Donald Nally, 50, founded the Crossing, an unusual, fully professional chamber choir in Philadelphia, in 2005. The acclaimed group cultivates composers who take choral singing in totally unheard-of directions. In its June festival in Chestnut Hill, the Crossing will perform four world premieres, along with works written in the last 15 years. Inquirer music critic David Patrick Stearns spoke with Nally, who is moving back to Philadelphia to work more closely with his creation.

Question: You're leaving your position as chorus master at the Lyric Opera of Chicago. Though you were preparing choruses for performances that others would conduct, the Chicago job was among the best of its kind. Why are you returning to Philadelphia?

Donald Nally: Carmen is a great opera, but seven or eight times is enough. I don't need to do another one of those. I love doing a variety of things, and I want to have more control over my own repertoire. I'm doing what I want to do. The Crossing isn't going to pay me a living. Maybe someday. Maybe it'll close its doors after a few seasons.

Q: That's not likely as long as the Philadelphia Music Project is giving you grants up to $70,000, which it did for your 2013 season. How will you use it?

Nally: We're pinching ourselves to see if we're still alive! The project is named the Gulf Between You and Me. It's taking the Gulf of Mexico oil-spill tragedy, but also drawing parallels between our inability to communicate with each other and listen to what the Earth is telling us. So the gap between us and a healthy Earth just gets larger and larger.

Q: That's a heady concept - but then all of your festivals have them.

Nally: I don't want to sound like we're trying to educate anybody. I'm not interested in producing art that challenges the audience. We're strictly about singing the best music that's being written today and hopefully commissioning some of it.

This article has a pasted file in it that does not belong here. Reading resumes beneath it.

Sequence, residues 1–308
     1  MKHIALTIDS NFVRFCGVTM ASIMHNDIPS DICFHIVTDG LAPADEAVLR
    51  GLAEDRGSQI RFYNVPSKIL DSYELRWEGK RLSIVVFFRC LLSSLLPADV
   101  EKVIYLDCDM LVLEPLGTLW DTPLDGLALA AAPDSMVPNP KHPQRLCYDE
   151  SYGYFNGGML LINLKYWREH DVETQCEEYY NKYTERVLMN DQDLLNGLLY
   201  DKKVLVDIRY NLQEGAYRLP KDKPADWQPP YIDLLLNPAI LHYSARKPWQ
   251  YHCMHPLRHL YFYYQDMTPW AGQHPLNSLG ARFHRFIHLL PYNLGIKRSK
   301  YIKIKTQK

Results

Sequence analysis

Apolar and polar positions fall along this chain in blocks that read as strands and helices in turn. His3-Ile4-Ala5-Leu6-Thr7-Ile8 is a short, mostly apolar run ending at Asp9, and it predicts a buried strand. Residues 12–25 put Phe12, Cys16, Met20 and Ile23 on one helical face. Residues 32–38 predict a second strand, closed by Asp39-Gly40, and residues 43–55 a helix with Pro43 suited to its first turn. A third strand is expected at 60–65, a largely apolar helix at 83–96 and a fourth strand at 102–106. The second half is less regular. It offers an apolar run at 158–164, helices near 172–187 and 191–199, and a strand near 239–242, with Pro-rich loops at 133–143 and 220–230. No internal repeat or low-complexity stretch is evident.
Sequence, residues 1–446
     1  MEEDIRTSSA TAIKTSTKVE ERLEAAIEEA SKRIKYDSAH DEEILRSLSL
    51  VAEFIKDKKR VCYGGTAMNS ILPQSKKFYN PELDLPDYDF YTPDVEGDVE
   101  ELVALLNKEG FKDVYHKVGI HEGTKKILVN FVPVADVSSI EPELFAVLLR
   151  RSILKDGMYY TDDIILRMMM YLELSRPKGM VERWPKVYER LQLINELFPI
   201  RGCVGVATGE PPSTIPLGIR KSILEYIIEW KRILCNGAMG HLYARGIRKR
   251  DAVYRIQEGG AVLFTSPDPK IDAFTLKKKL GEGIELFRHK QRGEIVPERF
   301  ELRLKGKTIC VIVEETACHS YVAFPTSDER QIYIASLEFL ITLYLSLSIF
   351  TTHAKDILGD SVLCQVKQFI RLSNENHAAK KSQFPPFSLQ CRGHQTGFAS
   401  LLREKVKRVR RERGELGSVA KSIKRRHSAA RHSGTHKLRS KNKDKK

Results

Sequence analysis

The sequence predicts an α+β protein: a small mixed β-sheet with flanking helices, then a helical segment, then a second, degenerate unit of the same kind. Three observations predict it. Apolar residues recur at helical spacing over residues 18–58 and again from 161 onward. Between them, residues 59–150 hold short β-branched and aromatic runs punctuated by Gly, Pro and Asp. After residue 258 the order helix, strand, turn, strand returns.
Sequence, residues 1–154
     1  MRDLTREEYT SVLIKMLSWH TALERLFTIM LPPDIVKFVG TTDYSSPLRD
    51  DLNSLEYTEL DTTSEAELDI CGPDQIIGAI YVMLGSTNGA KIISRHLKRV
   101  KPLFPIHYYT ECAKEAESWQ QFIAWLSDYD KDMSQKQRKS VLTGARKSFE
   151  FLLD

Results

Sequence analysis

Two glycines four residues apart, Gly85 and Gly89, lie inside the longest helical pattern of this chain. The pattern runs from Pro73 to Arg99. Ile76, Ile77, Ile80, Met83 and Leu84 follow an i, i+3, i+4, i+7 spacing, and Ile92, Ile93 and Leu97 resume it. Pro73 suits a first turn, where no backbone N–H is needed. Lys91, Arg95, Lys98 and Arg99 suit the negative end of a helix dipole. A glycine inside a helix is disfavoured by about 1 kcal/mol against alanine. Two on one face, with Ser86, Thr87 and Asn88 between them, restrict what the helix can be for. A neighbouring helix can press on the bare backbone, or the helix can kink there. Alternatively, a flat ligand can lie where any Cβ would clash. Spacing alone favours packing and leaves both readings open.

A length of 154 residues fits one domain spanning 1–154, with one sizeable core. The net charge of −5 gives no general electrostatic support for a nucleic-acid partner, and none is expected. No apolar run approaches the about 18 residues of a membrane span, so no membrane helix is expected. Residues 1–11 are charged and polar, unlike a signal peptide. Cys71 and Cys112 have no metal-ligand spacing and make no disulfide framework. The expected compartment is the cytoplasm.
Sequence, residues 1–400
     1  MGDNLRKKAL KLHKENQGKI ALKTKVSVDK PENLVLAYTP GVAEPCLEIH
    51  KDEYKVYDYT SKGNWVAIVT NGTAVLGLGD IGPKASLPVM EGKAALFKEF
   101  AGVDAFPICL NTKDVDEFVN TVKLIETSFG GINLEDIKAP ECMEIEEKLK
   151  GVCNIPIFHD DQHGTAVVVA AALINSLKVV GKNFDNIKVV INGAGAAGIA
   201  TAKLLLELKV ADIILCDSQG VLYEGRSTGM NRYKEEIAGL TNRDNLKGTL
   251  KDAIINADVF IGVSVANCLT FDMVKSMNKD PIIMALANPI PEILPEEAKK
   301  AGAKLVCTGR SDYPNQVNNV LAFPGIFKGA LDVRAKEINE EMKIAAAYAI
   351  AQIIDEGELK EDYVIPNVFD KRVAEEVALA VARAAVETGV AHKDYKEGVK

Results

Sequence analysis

Q: The ancient Roman philosopher and playwright Seneca is the theme of your 2011 festival. What relevance does he have to us?

Nally: We're trying to explore something contemporaneous to Christ, but something that isn't Christ. There are passages in Shakespeare that are basically rewritten Seneca. I don't think there could've been a Macbeth or Hamlet without Seneca's worldview or influence. It says, "Yes, there is a god, but I'm hopeless nonetheless." The composers we have are so different from each other. If you put those cats in a room, would any come out alive? The Crossing is interested in finding out what their voices will bring to Seneca's profound words.

Q: One of your composers is the celebrated young Latvian Eriks Esenvalds. What's he up to?

Nally: Eriks has focused on this idea of the zodiac falling out of the sky and into the sea. He's such a nerd! At certain moments, he has drawn the constellation in the score connecting certain pitches that he calculated to be part of the constellation - to draw a crab or a goat or a scorpion or whatever. You won't hear it. It passes by you. It's our little secret.

Q: Some of the composers are overtly religious, such as local composer Kile Smith; others not. My guess is that we might not be able to hear that difference. Does the creative process, which is probably spiritual in itself, circumvent religious beliefs?

Nally: When I was in Cincinnati conducting Vocal Arts Ensemble, I was asked by the wife of a board member, "Are you a man of faith?" I was a little shocked. I said, "Did you feel that the concert had spirituality?" She said that it was an amazing spiritual event. And I am not a man of faith. But that doesn't affect how I live my life or make my art.

Q: You'll be knee deep in religious music this summer in Riga, where you're conducting the great Latvian State Choir as part of its annual Sacred Music Festival.

Nally: It's opening with me! I was asked for a concert of American sacred music: 'What are the pieces you'd like to take that you love and want to share with them?' It's really tough. So I wound up with a very strange program. [Pulitzer Prize-winning composer] David Lang has this piece based on Genesis, Evening, Morning Day. He loves to take these Old Testament texts and rip them down to where they're just the essence, only these catchwords that lead you out of the context but with enormous content. The concert will end with his Again, an Ecclesiastes text, a very beautiful piece that repeats this loop over and over until you get into this atmosphere of timelessness.

Q: Though this isn't an engagement for the Crossing, did it come about through your work with the group?

Nally: I think it came through Eriks. He's done a lot of listening to our group, what I can and can't do, and decided that we can do a lot.